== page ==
Dispatch from a Pandemic: Englewood, Florida” by Eileen Collins

set a spell
M.L. Featherston

As a home care nurse in Baltimore, I learned years ago how to get in and out of a house without touching any surface with my bare hands. My first AIDS patient had open sacral wounds and explosive diarrhea. I was nervous, so I called my supervisor to for a reassuring pep talk.

“Are you planning to have sex with him? she asked.

I assured her that hadn’t entered my mind, or his.

“Well, are you going to share a needle with him?”

I hoped not.

“Get over yourself then and go see him. Just wash your hands.”

I’ve been stuck with dirty needles, filed the required incident reports, and gone for all the advised testing. Testing that was readily available. I’ve been in the roach-infested homes of hoarders where there was a baby rat in a potato chip bag on the dining room floor and an infant in a carrier on the table. Seeing an opportunity to model appropriate parenting behavior, I once picked up the baby. The back of his head was flat from the constant pressure of the seat. Roaches scrambled out of his diaper. Don’t even ask how many times we called child protective services. I had vivid dreams of bringing that baby home and putting him in a tub of bubbles, lathering his hair and dressing him in a clean onesie. I have disrobed in my garage and showered before I would touch my own young children at the end of my workday.

For all those years since, I’ve never touched the door handle when leaving a public rest room. If the trash can isn’t conveniently by the door, it’s literally a toss-up whether that paper towel will end up on the floor. Sorry. Not sorry. Move the damn thing. But there has been nothing, nothing like this.

For this too, I have a system. Pieces of tin foil folded into squares carried in a zip-lock bag in my purse to wrap around that shopping cart or handle. The plastic produce bag, fresh off the roll goes over my hand. I’ll turn it inside-out putting the tin-foil inside before it goes in the trash.  (It’s been years since I’ve traveled with boxes of gloves in the trunk of my car). None of these efforts though, can guarantee I’m safe from exposure. A cough. A sneeze. Hands that have touched faces have touched that thing I’m about to touch. That pen. That can of diced tomatoes. That car door handle. I’m afraid of my newspaper tossed in its plastic sheath on the walk. Is it safe to touch?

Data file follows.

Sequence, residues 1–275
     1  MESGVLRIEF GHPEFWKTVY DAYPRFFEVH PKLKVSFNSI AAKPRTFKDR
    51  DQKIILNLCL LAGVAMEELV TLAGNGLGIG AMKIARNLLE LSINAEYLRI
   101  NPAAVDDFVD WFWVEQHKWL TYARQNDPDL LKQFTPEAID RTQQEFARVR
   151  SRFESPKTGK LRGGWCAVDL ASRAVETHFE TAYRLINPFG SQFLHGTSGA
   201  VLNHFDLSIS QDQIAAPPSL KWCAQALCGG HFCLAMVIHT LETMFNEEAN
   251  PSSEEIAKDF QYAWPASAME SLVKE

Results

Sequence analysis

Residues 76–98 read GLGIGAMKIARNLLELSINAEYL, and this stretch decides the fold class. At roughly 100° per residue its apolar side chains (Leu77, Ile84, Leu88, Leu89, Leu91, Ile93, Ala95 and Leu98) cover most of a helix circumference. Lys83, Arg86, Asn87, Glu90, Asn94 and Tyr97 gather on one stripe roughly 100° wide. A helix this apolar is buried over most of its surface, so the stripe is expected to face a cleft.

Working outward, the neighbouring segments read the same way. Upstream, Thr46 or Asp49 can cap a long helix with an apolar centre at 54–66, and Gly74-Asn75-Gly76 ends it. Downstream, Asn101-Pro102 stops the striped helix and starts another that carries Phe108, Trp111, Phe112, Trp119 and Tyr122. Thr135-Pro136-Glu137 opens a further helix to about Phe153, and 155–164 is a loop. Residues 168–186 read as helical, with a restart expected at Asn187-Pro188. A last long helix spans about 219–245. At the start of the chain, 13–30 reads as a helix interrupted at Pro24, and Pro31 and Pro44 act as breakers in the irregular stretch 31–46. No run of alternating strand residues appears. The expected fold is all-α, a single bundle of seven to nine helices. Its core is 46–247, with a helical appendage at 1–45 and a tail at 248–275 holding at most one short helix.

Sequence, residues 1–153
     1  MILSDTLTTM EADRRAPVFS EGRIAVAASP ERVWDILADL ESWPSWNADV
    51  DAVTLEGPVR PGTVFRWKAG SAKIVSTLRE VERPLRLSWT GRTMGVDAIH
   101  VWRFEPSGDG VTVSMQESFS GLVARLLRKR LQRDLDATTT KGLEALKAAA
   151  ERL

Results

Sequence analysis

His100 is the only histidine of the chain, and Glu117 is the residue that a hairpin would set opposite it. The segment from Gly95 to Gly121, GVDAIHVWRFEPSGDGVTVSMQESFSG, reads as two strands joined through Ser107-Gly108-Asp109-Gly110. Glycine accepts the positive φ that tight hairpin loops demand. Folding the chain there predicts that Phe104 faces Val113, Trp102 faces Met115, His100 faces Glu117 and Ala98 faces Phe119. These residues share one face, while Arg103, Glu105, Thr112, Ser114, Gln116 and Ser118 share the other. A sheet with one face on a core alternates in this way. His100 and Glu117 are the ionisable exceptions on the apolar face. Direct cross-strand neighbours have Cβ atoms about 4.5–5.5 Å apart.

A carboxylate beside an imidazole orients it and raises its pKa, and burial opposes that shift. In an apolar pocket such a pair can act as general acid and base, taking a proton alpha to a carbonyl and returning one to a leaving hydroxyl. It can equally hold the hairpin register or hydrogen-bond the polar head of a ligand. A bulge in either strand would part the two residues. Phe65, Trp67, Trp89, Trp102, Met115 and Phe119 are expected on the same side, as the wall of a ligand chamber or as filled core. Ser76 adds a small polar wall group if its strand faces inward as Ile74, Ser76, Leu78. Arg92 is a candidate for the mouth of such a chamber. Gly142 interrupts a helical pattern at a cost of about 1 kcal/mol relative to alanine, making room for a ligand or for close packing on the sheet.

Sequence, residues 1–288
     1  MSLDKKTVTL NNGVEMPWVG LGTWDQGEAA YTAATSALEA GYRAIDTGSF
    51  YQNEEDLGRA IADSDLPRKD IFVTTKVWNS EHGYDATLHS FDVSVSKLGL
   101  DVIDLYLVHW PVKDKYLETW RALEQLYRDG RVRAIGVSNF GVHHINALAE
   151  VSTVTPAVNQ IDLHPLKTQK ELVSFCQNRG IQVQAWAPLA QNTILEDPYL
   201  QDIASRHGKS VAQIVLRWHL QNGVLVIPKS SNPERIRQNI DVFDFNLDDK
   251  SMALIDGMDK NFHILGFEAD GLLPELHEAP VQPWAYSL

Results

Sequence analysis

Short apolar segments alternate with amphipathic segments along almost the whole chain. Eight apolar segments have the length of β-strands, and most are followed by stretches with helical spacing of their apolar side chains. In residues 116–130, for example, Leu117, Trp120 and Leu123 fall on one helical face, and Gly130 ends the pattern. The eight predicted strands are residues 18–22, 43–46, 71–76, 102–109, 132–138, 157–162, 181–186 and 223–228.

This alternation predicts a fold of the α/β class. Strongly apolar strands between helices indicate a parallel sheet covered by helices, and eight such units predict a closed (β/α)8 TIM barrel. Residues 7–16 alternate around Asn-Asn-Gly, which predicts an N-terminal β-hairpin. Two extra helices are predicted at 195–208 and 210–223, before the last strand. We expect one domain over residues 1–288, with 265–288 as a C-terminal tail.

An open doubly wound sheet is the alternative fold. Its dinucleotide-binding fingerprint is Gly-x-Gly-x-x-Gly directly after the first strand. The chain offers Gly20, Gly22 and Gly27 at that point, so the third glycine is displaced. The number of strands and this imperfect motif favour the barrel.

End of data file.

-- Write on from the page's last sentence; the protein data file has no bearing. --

So, I did what anyone would do. My husband and I went to the beach to watch the sunset. There weren’t many people there, even though schools are closed and it’s spring break. We sat far from other humans. Some boys came too close, tossing a football back and forth. I hoped it wouldn’t come near my husband who might reflexively pick it up and toss it back to them. Then spring break happened and folks partied in great numbers on the beaches until the beaches had to be closed.

Today I heard the estimate that most of us may eventually contract the virus. I miss having eggs and fresh vegetables, but I am warm and comfortable and not in need of assistance with the act of breathing. I can download books from the library. I suggest a hula-hoop gathering in our respective driveways and my neighbors show up with their hoops. In their effort, I find the hope I’m looking for.

It’s become a delicate balance, this being open to joy while not in denial of the harsh reality of the magnitude of fear and suffering and death. Someone in my old neighborhood, a condo community with an older demographic, suggests a parade. Those who want to march will wear hats and sing or dance, maybe someone will bring a kazoo. A ukulele. A coffee-can drum. The older folks can watch and wave from their balconies. My friend is chastised for her efforts. “It’s not a time for celebration,” she’s told. Others wonder, where’s the parade? They were looking forward to seeing their friends.

My neighbor set up flags, eight feet apart, and invited others to bring a chair and a drink to their lawn. We shared stories. Who has toilet paper and where they found it. Who made a big pot of bean soup. Who found a forgotten roast in the back of the freezer. I was reminded of those summer nights in Baltimore when the entire block would unfold their webbed chairs, and just “set a spell”. Neighbors coming together at the end of the day, hoping for a slight breeze and some friendly conversation. A way to put the evening news behind them, for just a little while.

–March 31, 2020


collinsEileen Vorbach Collins is a Baltimore native living in Florida. Her work has been published in SFWP Quarterly, Lunch Ticket, The Ocotillo Review, Reed Magazine, and others.